Facebook, Twitter and text-messaging are not the biggest threat to personal, face-to-face relationships in the 21st Century. Granted, social media are surely artificial and distracting, but the larger problem Americans face in regard to love and friendship is ignorance. We have met the enemy, and it is us. Here in the USA in 2014 we are painfully uneducated in the most basic laws of relationship.
For instance, many Americans seem to think that forgiveness means doing a favor for someone who has wronged you. In fact, forgiving someone who has offended you is mostly about doing yourself a favor- especially when you have no authority in the matter, and the offender is blissfully unaware of what’s going on in your mind. Angry people tend to forget that our rage is not magically transmitted over the miles to people who have hurt us in the past. I may be stewing over past injuries every day, but that callous cad who hurt me is most likely moving forward with his destructive life. Revenge by mental telepathy is the stuff of voodoo and legend. In real life, concentrating that intensely on someone you hate just creates headaches, high blood pressure, misery and stress for you and your inner circle- no one else.
In this age of tolerance, we quite commonly assume that forgiving someone who has hurt you requires that you excuse bad behavior. That’s not true, either. You can forgive someone even as you believe his behavior was negligent, criminal, or profoundly evil. You can forgive someone who committed a crime against you even as the state presses forward with prosecution. To forgive someone is not to absolve him of wrong doing.
Simply put, forgiveness is the act of releasing an offender from the dungeon of your heart. When I forgive someone, I choose to let go of my anger and my desire for revenge, which may well be eating me alive, and leave that person’s fate in the hands of God or others. Maintaining and feeding this grudge is stealing my joy and damaging my faith in God. In fact, it keeps me mentally tied to a painful chapter in my life I should have closed many years ago. Forgiveness breaks the chains of bitterness which trap you in the past. It strips off the blindfold of rage and allows you to finally see the possibilities in your life today. You’d be surprised how many adults continue to nurture toxic emotions for parents who abandoned them as children, taking some small comfort in the fact that a negative relationship is better than none at all. In fact, there is no relationship, and accepting the reality would be much healthier.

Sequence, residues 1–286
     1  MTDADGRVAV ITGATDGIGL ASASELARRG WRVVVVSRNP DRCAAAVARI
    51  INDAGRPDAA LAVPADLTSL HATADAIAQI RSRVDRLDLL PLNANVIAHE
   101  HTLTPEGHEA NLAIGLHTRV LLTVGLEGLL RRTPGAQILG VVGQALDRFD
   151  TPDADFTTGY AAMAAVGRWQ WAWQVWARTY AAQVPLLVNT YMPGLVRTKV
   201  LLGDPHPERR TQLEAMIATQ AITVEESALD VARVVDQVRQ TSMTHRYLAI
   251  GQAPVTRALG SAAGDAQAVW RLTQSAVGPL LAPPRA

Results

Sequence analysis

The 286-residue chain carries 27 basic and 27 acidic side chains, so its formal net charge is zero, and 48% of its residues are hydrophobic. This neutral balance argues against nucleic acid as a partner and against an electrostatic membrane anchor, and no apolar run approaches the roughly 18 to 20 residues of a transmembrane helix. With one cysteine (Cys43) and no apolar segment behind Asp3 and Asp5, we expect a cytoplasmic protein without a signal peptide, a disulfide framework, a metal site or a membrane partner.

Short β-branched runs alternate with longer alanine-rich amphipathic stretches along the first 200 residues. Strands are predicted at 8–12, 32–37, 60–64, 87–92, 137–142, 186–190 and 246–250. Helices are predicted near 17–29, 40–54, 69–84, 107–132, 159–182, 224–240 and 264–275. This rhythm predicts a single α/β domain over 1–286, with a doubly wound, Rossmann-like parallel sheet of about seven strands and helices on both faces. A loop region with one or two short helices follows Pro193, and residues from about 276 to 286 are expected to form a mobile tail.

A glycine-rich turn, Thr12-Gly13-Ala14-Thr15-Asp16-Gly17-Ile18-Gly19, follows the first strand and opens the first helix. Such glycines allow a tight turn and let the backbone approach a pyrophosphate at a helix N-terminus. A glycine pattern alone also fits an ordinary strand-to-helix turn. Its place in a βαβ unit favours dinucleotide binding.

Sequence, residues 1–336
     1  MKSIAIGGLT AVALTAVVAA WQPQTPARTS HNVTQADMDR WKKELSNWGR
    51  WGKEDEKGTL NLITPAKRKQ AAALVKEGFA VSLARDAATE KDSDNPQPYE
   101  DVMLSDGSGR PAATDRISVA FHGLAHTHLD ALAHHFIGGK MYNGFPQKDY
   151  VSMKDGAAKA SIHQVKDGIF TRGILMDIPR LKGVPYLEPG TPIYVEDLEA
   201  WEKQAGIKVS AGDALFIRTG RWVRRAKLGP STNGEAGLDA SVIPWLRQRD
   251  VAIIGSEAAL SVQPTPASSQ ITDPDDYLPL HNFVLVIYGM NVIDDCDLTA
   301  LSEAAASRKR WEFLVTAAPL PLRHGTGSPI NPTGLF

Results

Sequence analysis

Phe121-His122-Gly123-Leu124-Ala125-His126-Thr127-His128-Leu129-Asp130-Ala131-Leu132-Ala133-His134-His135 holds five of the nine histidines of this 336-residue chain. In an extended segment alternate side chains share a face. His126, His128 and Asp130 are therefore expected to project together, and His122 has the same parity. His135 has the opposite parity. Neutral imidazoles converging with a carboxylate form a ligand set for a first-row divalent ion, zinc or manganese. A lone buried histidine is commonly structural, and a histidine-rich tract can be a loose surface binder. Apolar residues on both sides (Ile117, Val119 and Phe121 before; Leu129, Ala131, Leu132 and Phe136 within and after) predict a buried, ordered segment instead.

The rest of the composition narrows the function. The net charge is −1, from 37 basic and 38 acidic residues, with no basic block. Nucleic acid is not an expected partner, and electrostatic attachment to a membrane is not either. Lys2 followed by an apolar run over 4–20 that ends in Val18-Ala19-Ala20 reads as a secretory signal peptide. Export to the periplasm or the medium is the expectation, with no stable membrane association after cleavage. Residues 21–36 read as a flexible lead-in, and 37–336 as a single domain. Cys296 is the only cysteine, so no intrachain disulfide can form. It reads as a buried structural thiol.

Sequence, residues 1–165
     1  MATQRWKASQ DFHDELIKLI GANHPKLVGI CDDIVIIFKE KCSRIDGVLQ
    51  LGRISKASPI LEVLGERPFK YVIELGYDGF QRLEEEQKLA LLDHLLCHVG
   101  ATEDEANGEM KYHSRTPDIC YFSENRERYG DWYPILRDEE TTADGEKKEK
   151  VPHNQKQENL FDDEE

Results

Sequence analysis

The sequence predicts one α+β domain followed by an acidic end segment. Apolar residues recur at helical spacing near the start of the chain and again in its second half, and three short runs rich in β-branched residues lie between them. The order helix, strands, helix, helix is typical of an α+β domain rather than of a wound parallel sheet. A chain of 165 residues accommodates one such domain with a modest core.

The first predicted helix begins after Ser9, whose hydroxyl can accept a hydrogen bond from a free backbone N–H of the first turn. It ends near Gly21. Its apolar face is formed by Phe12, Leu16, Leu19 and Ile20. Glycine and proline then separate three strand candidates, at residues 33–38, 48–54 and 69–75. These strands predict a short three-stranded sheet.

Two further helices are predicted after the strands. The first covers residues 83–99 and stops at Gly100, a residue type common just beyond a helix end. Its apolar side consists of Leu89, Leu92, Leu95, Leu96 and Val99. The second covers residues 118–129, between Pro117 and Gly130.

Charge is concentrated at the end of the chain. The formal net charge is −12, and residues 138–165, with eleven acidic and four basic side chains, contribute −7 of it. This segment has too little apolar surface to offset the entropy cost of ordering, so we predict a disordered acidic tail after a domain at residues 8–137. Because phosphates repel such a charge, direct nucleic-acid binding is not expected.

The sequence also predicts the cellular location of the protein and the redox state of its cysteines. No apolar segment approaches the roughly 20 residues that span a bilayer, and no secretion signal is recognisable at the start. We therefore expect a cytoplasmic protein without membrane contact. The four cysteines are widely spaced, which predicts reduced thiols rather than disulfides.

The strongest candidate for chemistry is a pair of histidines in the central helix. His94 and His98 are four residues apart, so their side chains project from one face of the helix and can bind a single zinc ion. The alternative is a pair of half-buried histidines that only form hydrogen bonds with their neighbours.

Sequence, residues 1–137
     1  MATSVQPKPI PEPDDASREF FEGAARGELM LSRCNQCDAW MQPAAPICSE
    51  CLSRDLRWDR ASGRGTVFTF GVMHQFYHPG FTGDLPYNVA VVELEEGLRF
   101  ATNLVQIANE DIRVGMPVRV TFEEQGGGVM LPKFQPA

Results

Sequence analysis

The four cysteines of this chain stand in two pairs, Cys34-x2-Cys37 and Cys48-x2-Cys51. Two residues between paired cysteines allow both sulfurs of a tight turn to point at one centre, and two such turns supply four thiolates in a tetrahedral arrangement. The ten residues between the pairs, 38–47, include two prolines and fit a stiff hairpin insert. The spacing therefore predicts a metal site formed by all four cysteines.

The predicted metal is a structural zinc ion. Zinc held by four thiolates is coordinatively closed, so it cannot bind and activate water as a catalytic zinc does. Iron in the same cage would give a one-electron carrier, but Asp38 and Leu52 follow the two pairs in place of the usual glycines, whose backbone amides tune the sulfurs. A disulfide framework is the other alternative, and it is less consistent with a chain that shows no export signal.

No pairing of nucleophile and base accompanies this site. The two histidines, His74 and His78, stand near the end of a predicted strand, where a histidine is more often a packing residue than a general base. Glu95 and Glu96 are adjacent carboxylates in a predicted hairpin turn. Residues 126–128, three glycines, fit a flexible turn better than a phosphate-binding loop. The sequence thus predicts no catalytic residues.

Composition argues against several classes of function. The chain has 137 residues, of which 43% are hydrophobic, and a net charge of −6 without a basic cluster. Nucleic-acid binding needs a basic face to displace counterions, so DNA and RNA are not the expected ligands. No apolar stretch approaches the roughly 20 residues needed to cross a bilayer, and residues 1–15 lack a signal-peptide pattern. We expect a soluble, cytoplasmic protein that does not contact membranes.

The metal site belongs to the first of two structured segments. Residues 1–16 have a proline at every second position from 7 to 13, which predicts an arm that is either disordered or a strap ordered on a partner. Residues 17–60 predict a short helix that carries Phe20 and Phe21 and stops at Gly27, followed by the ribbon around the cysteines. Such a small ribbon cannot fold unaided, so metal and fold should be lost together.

One final thought: forgiveness does not demand reconciliation. Jesus forgave the people who ordered his crucifixion. We have no evidence that very many of those angry souls were ever reconciled to Christ. That’s a different law of relationship, and we’ll consider that in a couple of weeks.
In the meantime, let’s embody the Gospel: Do not condemn, and you will not be condemned. Forgive, and you will be forgiven.
And lift up the Cross!